Use this URL to cite or link to this record in EThOS: https://ethos.bl.uk/OrderDetails.do?uin=uk.bl.ethos.541069
Title: The identification of bovine tuberculosis in zooarchaeological assemblages : working towards differential diagnostic criteria
Author: Wooding, Jeanette Eve
ISNI:       0000 0004 2708 8639
Awarding Body: University of Bradford
Current Institution: University of Bradford
Date of Award: 2010
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Abstract:
The study of human palaeopathology has developed considerably in the last three decades resulting in a structured and standardised framework of practice, based upon skeletal lesion patterning and differential diagnosis. By comparison, disarticulated zooarchaeological assemblages have precluded the observation of lesion distributions, resulting in a dearth of information regarding differential diagnosis and a lack of standard palaeopathological recording methods. Therefore, zoopalaeopathology has been restricted to the analysis of localised pathologies and 'interesting specimens'. Under present circumstances, researchers can draw little confidence that the routine recording of palaeopathological lesions, their description or differential diagnosis will ever form a standard part of zooarchaeological analysis. This has impeded the understanding of animal disease in past society and, in particular, has restricted the study of systemic disease. This research tackles this by combining the disciplines of human palaeopathology and zoopalaeopathology and focusing on zoonotic disease. The primary aim of this research was to investigate the skeletal manifestation of bTB in cattle, sheep/goat and pig to establish differential diagnostic criteria for its identification in zooarchaeological assemblages. Methods commonplace in human palaeopathology were adapted and applied to zoopalaeopathology, in addition to radiography and aDNA analysis. The results emphasise the difficulties but also the potential associated with the identification of systemic diseases in zooarchaeological assemblages. An approach to the classification of potentially infectious lesions is presented that enables the calculation of crude prevalence in disarticulated assemblages. In addition, the potential for a DNA analysis to shed further light on animal disease in the past is emphasised.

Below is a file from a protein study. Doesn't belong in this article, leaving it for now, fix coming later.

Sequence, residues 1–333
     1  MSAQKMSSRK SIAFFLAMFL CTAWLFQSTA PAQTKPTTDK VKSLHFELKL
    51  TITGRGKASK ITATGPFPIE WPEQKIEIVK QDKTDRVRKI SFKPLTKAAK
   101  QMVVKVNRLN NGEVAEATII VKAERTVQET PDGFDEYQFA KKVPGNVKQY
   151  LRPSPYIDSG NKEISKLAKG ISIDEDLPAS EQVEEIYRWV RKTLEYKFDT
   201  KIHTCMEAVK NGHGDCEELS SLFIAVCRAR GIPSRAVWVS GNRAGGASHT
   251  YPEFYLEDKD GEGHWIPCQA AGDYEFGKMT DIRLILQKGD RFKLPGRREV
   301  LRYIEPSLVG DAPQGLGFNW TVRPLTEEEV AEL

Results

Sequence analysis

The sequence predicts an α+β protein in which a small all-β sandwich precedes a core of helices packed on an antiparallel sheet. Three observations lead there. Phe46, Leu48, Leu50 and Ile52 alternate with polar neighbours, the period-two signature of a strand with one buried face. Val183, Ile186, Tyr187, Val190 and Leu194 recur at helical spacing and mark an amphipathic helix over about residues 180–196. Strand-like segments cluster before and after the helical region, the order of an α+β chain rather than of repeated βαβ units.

Supervisor: Bond, Julie M. ; Buckberry, Jo ; Knüsel, C. J. Sponsor: Arts and Humanities Research Council (AHRC)
Qualification Name: Thesis (Ph.D.) Qualification Level: Doctoral
EThOS ID: uk.bl.ethos.541069  DOI: Not available
Keywords: Palaeopathology ; Zooarchaeology ; Human osteoarchaeology ; Zoonosis ; Iron Age ; Viking Age ; Iceland ; Orkney ; England ; Skeletal manifestations ; Animal skeletal remains ; Zoopalaeopathology
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